Sadie is a 4-year-old spayed hound/retriever mix, a sweet, active girl who was returned because her previous owners did not have time for her. Sady is energetic and playful, and will do best in a home with a yard, and maybe even another dog to play with. Yard or not, she will need daily walks and a good amount of exercise to be her best. She enjoys romping with other dogs and enjoys the company of people. She is a bit jumpy at first, so she may be too much dog for small children, but otherwise seems like she would fit in well with an active family (bring the whole family, including existing dogs, to meet her). Sady may be too excited by cats.
Sady seems pretty housetrained, but it’s always best to prepare for a refresher course, since she has never lived in your home before. If you are looking for an adult dog who can make your family complete, come take a look at this girl. She is a bit zaftig, and could benefit from losing a few pounds. Sady is current on her vaccinations at this time. She has been microchipped and dewormed.
Wilson is a young male Lab mix, possibly with some Hound also. He is about a year old and is available for adoption from You Lucky Dog Rescue in Alpharetta, Ga.
On February 4, 1789, George Washington was unanimously elected by the Electoral College as the first President of the United States; Washington’s runner-up John Adams served as Vice President. Washington would repeat the feat four years later on February 4, 1793.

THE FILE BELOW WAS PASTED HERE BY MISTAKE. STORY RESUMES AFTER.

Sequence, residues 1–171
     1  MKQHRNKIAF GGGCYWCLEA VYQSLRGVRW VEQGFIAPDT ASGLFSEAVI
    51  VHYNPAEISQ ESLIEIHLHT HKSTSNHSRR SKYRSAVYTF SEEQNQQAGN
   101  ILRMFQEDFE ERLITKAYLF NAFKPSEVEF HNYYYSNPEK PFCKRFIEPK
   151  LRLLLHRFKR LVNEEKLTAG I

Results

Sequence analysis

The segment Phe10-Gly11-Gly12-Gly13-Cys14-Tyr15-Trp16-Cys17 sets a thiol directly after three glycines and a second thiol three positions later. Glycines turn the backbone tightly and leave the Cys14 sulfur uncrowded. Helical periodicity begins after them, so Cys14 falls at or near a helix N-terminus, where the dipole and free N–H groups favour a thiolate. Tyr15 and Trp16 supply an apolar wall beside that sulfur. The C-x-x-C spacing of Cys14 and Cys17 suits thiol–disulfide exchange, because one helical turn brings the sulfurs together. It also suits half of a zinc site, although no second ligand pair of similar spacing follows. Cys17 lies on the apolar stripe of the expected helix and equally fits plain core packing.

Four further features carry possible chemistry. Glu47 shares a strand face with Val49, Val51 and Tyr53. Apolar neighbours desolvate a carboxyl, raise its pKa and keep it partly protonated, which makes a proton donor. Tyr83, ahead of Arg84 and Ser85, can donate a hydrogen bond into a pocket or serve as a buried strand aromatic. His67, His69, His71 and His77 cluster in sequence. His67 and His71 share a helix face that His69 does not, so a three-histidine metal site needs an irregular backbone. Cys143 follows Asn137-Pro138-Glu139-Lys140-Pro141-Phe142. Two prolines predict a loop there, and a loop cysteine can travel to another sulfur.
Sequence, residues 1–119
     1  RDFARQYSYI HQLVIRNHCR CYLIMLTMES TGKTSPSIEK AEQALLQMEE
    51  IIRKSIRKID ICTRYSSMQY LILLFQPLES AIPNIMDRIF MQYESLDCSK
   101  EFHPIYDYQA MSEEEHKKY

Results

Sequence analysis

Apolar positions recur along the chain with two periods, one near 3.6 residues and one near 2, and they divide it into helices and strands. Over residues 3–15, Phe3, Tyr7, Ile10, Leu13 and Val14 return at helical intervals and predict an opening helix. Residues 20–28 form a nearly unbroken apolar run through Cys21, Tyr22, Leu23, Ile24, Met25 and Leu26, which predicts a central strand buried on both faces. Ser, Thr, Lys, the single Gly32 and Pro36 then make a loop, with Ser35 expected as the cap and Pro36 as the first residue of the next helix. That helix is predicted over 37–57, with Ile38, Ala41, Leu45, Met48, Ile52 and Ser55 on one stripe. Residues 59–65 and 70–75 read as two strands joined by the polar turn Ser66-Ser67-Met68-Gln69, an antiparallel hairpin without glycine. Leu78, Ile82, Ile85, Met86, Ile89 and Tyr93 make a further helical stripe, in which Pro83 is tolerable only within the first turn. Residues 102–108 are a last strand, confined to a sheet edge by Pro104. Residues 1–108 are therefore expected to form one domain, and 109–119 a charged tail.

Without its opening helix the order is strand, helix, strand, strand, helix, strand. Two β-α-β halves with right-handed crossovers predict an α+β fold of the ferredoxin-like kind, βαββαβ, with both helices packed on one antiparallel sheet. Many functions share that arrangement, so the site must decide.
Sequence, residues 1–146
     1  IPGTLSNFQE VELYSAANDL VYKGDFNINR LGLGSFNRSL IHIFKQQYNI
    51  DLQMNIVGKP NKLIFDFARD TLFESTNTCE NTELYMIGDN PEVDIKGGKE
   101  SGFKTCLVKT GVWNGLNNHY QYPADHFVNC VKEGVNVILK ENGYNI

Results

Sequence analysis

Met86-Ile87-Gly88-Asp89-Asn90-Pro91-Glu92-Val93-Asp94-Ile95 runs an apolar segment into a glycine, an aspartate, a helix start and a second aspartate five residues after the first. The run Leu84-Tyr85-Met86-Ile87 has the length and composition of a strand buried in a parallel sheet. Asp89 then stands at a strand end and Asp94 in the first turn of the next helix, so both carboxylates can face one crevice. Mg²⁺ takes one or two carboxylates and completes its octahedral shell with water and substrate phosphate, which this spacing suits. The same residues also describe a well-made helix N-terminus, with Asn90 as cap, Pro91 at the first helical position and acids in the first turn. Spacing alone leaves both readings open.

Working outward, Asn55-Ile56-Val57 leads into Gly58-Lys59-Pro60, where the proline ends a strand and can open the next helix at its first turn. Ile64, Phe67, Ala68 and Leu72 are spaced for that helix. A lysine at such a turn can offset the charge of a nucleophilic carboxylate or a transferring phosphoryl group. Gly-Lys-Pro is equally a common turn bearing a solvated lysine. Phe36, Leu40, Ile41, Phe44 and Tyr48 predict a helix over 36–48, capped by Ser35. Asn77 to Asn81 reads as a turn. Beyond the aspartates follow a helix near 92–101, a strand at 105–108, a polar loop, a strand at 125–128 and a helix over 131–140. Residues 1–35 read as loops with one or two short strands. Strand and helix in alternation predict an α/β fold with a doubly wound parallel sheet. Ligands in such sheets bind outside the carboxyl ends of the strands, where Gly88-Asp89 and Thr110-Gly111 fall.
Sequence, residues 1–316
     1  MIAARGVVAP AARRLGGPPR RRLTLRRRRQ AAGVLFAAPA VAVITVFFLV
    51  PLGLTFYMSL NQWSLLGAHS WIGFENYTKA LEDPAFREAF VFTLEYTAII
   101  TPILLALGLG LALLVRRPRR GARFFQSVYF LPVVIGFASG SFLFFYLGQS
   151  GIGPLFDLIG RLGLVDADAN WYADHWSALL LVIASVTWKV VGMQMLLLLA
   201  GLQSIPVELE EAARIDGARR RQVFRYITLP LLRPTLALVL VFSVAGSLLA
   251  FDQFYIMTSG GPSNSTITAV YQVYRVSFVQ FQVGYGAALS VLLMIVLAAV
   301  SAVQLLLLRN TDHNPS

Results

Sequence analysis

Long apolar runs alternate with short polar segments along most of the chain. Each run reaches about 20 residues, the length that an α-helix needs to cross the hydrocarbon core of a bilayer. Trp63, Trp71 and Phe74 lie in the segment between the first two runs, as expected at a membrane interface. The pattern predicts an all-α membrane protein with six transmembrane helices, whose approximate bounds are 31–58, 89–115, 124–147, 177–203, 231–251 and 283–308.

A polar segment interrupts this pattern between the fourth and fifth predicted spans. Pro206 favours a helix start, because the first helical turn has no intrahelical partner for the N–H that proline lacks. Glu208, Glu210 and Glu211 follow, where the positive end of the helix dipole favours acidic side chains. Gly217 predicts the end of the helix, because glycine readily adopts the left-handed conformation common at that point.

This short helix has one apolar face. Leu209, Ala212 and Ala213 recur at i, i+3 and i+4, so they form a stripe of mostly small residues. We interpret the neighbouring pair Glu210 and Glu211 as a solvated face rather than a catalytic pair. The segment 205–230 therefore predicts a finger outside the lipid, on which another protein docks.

On February 4, 1801, John Marshall took office as Chief Justice of the United States. Marshall continued to hold the post of Secretary of State until March 4th. In one of American history’s rich ironies, Marshall, who served at the same time in the judicial and legislative branches of the federal government, would write the Court’s opinion in Marbury v. Madison, establishing the supremacy of the Supreme Court in matters of applying the Constitution through judicial review and establishing the doctrine of separation of powers. Marshall would serve during the terms of six Presidents.
On February 4, 1861, the Provisional Confederate Congress convened in Montgomery, Alabama, where it would draft a Constitution for the Confederate States of America, beginning with a near-verbatim copy of the United States Constitution.
On January 4, 1976, the Georgia Senate approved a resolution previously passed by the State House proposing a Constitutional Amendment to allow Governors of Georgia to serve two consecutive terms and voters approved in November 1976. Then-Governor George Busbee won reelection in November 1978, and since then Democrat Roy Barnes is the only Georgia Governor to not win reelection. Thus we are able to say, “Four More Years for Governor and Mrs. Deal.”
Happy birthday to Congressman Sanford Bishop, who shares this date with the late Rosa Parks (b. 1913), German theologian Dietrich Bonhoffer (b. 1906) and Facebook, which turns eleven years old today.
Tonight at 7 PM, I’ll be joining host Bill Nigut and fellow panelists Liz Flowers and Greg Bluestein to discuss today’s events at the Georgia General Assembly. Tune in on your local GPB station.